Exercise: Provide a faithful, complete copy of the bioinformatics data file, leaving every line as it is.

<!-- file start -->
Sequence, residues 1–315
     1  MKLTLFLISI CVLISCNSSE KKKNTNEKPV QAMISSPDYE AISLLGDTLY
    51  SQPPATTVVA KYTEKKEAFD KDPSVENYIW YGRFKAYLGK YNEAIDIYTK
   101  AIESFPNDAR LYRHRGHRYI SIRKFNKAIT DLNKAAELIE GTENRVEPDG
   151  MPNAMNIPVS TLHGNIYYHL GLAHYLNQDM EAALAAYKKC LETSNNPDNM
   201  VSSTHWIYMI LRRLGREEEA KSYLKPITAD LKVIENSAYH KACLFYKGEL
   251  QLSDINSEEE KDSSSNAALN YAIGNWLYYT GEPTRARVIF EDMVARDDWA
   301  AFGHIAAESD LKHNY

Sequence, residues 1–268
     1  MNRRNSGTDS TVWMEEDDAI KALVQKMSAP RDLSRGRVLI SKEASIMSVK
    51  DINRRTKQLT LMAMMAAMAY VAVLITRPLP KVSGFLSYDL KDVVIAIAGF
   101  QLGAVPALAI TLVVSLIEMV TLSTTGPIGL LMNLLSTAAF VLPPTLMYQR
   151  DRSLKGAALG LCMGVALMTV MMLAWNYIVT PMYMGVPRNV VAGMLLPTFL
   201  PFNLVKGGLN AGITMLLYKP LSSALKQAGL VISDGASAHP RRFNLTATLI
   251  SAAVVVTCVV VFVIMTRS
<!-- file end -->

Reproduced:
Sequence, residues 1–315
     1  MKLTLFLISI CVLISCNSSE KKKNTNEKPV QAMISSPDYE AISLLGDTLY
    51  SQPPATTVVA KYTEKKEAFD KDPSVENYIW YGRFKAYLGK YNEAIDIYTK
   101  AIESFPNDAR LYRHRGHRYI SIRKFNKAIT DLNKAAELIE GTENRVEPDG
   151  MPNAMNIPVS TLHGNIYYHL GLAHYLNQDM EAALAAYKKC LETSNNPDNM
   201  VSSTHWIYMI LRRLGREEEA KSYLKPITAD LKVIENSAYH KACLFYKGEL
   251  QLSDINSEEE KDSSSNAALN YAIGNWLYYT GEPTRARVIF EDMVARDDWA
   301  AFGHIAAESD LKHNY

Sequence, residues 1–268
     1  MNRRNSGTDS TVWMEEDDAI KALVQKMSAP RDLSRGRVLI SKEASIMSVK
    51  DINRRTKQLT LMAMMAAMAY VAVLITRPLP KVSGFLSYDL KDVVIAIAGF
   101  QLGAVPALAI TLVVSLIEMV TLSTTGPIGL LMNLLSTAAF VLPPTLMYQR
   151  DRSLKGAALG LCMGVALMTV MMLAWNYIVT PMYMGVPRNV VAGMLLPTFL
   201  PFNLVKGGLN AGITMLLYKP LSSALKQAGL VISDGASAHP RRFNLTATLI
   251  SAAVVVTCVV VFVIMTRS